(they named the wether "Why?" because he's so sweet they
don't know why he's a wether). Six sheep.
They can continue to breed the ram lamb Spice to Salt and Pepper...
but they can't breed him to his mother, and he can't be bred to
his sister Sugar. Now they decide to take the plunge and invest
in a foundation ram. They know they enjoy keeping sheep, they've
been through a couple of years and have a better idea of what they're
doing. So they contact us in the fall and we discuss a good choice
in a ram for their flock.
their new ram arrives in the spring, Salt and Pepper are popping
their first lambs, and our farm is ready to try their hand at milking.
Sugar is coming on a yearling and showing a lovely fleece. Her brother
Spice, standing in the field next to the new foundation ram looks
pretty darn good, and they've decided to keep the boys, including
the wether, together as a flock while the girls flock together.
Their Proven Ewe has taught the youngsters how to "walk down
a tree" to push the scrub down so they can browse it to death,
and a nose count of our little flock comes up with three new lambs
from Salt and Pepper... for a total of four ewes ready to breed
this coming fall, two new ram lambs, a new ewe lamb, their own yearling
ram, the stud ram they've purchased... and the friendly little wether.
They're really starting to look like a farm! Let's see what they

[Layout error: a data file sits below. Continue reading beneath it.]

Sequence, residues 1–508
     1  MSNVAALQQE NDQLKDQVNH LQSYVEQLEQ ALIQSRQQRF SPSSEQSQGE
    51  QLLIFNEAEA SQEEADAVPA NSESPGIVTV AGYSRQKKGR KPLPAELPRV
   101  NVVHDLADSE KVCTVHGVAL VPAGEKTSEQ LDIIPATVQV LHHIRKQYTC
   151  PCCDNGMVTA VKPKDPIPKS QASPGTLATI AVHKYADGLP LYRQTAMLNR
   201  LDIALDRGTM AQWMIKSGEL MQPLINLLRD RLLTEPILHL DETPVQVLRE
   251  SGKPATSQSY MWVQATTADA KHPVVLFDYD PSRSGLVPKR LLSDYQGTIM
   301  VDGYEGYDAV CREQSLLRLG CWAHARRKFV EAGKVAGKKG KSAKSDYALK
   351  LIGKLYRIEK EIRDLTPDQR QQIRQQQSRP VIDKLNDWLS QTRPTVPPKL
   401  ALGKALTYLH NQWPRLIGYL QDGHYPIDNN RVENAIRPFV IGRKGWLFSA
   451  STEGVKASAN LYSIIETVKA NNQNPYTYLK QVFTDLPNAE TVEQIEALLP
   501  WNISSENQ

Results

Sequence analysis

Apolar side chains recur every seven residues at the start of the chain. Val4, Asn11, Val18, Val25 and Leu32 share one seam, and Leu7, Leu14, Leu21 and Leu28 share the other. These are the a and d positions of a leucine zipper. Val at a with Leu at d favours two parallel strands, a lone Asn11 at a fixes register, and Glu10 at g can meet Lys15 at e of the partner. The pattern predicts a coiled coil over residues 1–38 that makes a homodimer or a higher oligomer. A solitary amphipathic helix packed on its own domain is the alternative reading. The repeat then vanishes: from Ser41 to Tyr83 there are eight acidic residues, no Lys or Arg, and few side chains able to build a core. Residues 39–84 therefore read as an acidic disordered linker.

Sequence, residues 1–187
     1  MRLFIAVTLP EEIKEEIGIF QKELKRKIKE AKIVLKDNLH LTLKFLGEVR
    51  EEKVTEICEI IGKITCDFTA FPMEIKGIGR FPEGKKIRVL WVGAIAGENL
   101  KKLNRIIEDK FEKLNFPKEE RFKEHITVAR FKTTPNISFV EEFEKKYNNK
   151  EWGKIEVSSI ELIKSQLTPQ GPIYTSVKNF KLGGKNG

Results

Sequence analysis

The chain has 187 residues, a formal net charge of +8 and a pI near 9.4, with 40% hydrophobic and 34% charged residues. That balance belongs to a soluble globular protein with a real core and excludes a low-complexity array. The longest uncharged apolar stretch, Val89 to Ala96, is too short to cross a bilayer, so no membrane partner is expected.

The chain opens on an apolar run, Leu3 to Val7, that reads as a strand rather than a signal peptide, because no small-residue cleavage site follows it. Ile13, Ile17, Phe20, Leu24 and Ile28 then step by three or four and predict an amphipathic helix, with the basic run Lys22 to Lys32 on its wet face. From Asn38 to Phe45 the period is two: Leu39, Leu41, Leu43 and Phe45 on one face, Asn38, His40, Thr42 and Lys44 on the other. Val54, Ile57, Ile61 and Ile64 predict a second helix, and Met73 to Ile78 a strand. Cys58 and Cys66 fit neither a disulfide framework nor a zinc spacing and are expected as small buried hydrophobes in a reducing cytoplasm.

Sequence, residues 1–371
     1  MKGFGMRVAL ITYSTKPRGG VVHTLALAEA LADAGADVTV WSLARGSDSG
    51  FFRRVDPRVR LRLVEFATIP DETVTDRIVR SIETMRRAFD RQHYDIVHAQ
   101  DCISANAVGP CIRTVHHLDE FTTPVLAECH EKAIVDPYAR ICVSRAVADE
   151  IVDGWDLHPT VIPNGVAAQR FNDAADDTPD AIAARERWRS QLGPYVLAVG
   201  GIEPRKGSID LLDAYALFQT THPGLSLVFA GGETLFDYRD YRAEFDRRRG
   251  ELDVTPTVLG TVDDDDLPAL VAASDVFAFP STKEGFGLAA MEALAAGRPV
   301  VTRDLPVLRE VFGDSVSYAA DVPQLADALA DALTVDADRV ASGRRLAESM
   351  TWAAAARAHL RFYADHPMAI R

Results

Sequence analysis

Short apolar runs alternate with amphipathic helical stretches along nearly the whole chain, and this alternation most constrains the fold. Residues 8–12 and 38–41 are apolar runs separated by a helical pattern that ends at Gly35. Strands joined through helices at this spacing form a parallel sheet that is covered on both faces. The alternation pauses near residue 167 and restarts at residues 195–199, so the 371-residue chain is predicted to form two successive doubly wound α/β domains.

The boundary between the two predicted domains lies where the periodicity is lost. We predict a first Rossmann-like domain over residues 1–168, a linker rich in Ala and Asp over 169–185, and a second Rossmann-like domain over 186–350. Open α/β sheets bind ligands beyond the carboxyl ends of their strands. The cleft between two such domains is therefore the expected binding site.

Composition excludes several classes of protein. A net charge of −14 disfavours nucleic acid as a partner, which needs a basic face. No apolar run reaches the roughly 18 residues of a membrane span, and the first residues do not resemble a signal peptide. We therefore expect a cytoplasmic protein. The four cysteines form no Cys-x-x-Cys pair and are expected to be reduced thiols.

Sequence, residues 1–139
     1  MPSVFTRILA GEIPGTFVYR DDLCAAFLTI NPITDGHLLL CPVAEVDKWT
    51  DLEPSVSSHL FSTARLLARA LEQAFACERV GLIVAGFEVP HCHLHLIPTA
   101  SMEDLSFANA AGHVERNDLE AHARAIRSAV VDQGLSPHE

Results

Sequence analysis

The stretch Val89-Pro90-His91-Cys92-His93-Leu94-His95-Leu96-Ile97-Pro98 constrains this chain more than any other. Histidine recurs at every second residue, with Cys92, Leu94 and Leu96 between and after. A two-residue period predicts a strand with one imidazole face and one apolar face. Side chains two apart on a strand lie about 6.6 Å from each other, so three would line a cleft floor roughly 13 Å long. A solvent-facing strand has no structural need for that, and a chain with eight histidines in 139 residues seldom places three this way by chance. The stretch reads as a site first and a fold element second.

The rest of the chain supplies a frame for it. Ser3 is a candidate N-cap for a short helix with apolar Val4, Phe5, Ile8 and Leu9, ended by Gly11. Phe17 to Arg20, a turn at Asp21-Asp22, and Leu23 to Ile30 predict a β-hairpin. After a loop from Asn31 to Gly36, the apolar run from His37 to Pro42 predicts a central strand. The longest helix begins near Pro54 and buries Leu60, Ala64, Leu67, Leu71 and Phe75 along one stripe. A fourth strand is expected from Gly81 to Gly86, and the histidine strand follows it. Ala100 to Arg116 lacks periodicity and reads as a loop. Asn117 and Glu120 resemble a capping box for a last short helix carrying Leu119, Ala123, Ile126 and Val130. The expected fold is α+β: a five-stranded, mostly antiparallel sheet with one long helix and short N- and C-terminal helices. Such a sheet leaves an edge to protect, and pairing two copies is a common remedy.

invested in getting there:
They bought two ewe lambs: Salt and Pepper for a total of $900
the first spring.
The following February, they took delivery of the Proven Ewe with
the breeding fee... $750
They used their own ram lamb that summer, but contracted for a stud
ram in the fall... and bought a wether: $250
Taking delivery of the ram in the early winter... $1000
Our farm has purchased 5 sheep at a total investment of $2900,
or $580/sheep spread out over almost 3 years. In the barn they have
Salt and Spice their first ewe lambs, with their three lambs. Their
Proven Ewe with her new twins, Sugar, with her first lamb, the wether,
Spice the now yearling ram, and the new Stud Ram... 13 sheep, or
an increase of 8 new sheep over their original investment, bringing
the "cost per sheep" down to less than $225!
Our small farm built their flock slowly and patiently because
they had more time (and patience) than cash resources. If you value
speed over cash, you simply multiply the number of sheep, and add
the foundation ram earlier, to build a much larger flock, much more
You can afford the best, you can afford to enjoy
the benefits of good solid Registered Icelandic stock in your flock
and on your farm. The advantages of starting small are numerous.
Two is not an overwhelming number of sheep. Twelve might be. By
growing your own flock, you grow your skills with your farm and
enjoy the animals you're working with.
Talk to us. We love building small farm packages
for new shepherds because we know how much fun having your own flock
is, and remember how exciting it was when our first lambs were born
on our farm.
This year's lambs for sale
Rams for Sale
back to the resource pages
back to the barn!
Pricing Icelandic Sheep: What Our
Sheep Cost and Why
Flock Health: Keeping Your Sheep
in Top Form
Bookshelf: helpful books on sheep
Additional Reading: in addition to
our own articles (see above) we recommend: